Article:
In addition, contrary to ideal logic gate where the value can either be 0 or 1, real logic gate can exhibit un unstable equilibrium or metastable state. In such state, the circuit is unable to settle into a stable high (1) or low (0) voltage state within the required time. Metastability is one of the major design concern for clock domain crossing designs, which we will cover in details later in the book.

1.3.3 Combinational and sequential logic

Combinational logic are logic consist of basic logic such as NAND, NOR, and NOT gate that are “combined” i.e. connected together to produce more complex circuits. Mathematically, a combination logic is a function that map the inputs to outputs. This mapping is deterministic, that is, two sets of identical inputs shall yell two identical outputs.

Sequential logic, on the other hand, outputs values based on both current and past inputs. These past inputs, stored somewhere inside the memory elements, are referred as state of the circuit. Mathematically, it means that the circuit function \(f\) takes two different types of input, \(i\) and \(S\), and produce two kinds of outputs, \(o\) and \(S\prime\). \(S\) is the state of current circuit and \(S\prime\) is the next state after the circuit computes its output.

The states in sequential logic are commonly stored in latches and flip-flops. A latch is a sequential circuit that changes its outputs independently of a clock signal whereas a flip-flop changes its outputs only at times determined by a clock signal. This difference is critical and has implication on how we reason about digital design, as they have different power/timing charastics. Latches

There are many different types of latches. We will discuss only one of them here.

A set/reset latch, or SR latch, works by relying on the the values of the \(S\) and \(R\) signals. It can be made from two NOR gates that have cross-feedback loop, as shown in Figure 1.

Figure 1: Using two NOR gates to build a SR-Latch.
Figure 1: Using two NOR gates to build a SR-Latch.

The truth table for the SR-Latch is shown in Table 1. Readers are encouraged to work out the details on different \(S\) \(R\) conditions, especially when \(Q\) is metastable.

Table 1: Truth table for SR-Latch.
\(S\) \(R\) \(Q\) \(\bar{Q}\)
0 0 Latched Latched
0 1 0 1
1 0 1 0
1 1 Metastable Metastable D Flip-Flop

The D-flip-flop is one of the most widely used flip-flop design, as shown in Figure 2. The major difference between D flip-flop and SR latch is that data latched at clock edge. This latching behavior related to clock edges makes the design synchronous. A single D flip-flop can hold 1-bit memory.

Figure 2: D flip-flop symbol. Triangle indicates clock input.
Figure 2: D flip-flop symbol. Triangle indicates clock input.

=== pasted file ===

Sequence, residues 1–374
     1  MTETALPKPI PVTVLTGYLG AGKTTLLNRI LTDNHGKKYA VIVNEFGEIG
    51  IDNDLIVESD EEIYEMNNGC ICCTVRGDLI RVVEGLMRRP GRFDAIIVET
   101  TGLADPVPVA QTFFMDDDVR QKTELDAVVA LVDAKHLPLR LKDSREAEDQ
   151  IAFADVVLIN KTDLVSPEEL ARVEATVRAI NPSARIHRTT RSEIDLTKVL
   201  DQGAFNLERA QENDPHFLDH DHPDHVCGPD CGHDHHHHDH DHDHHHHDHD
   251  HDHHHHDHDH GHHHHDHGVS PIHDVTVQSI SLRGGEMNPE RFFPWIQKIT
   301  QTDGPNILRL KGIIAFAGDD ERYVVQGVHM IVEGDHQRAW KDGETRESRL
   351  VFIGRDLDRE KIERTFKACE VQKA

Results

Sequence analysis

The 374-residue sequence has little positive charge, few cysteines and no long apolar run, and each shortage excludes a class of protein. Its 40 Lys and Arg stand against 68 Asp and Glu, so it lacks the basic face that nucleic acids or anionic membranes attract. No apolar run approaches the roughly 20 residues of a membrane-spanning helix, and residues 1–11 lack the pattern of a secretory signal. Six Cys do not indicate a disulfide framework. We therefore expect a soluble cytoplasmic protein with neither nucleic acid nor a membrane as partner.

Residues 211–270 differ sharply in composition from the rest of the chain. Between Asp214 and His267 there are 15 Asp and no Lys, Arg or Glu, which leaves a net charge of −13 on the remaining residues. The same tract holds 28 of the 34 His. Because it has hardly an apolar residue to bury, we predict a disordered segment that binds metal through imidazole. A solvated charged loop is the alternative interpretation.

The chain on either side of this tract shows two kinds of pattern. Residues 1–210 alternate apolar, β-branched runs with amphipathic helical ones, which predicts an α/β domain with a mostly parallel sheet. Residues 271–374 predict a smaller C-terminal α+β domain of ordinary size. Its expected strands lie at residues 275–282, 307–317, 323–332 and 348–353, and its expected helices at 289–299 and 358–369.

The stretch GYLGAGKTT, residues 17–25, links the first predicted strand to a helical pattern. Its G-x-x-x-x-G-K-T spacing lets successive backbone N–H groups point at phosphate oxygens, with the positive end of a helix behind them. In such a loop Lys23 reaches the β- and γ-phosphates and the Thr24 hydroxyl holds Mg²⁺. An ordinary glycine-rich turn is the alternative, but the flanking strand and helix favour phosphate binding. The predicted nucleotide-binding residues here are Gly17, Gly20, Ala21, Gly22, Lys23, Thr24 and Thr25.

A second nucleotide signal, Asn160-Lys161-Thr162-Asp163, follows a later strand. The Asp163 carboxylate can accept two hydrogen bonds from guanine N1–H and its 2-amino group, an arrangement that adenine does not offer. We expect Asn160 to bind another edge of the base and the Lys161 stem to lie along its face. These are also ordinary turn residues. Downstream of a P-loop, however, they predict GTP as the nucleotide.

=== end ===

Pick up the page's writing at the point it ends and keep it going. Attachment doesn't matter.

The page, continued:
There are many variants of D flip-flop that are suitable for various conditions, for instance, classical positive-edge-triggered D flip-flop and master-slave edge-triggered D flip-flop. However, their exact designs are beyond the scope of this book.

Due to the physical constraints on the logic gates, we have two critical timing characteristics regarding synchronous circuit design: setup time and hold time. Setup time refers to the amount of time at the synchronous input before the active clock edge. Hold tim refers to the amount of time at the synchronous input much be stable after the active clock edge, as shown in Figure 3. In other words, the signal has to be stable during both setup and hold time, otherwise there will be a timing violation.

Figure 3: Timing diagram for setup time and hold time
Figure 3: Timing diagram for setup time and hold time

1.4 What will this book cover

SystemVerilog by no means is a complex language and the IEEE 1800-2017 standard spans more than a thousand pages. This book mainly focus on the following aspects of SystemVerilog for digital system design and the EDA tool-chains associated with it:

  1. Design technique for digital systems synthesis. The book will first cover comprehensive SystemVerilog language features for synthesis and how they can be used to model hardware. It will focus on vender and technology independent modeling techniques, which can be applied to both ASIC and FPGA design. How to use ASIC/FPGA synthesis tools, however, is beyond the scope of discussion.
  2. RTL simulation. This book will gradually transit from simple test bench to object-oriented and reusable test bench design.
  3. Software co-verification. This book will cover Verilog Procedural Interface (VPI) and Direct Programming Interface (DPI) in details and how they can be used to offer functional models for verification as well as perform other useful tasks.
  4. SystemVerilog Assertions (SVAs). This book will discuss various usages in details and how can SVAs be used in traditional simulation for coverage reports, and serve a foundation for formal verification.
  5. Advanced design techniques. This book will briefly cover topics such as clock domain crossing (CDC) and interconnect protocols.

We hope by the end of book you will be confident in writing SystemVerilog for digital system design and verification.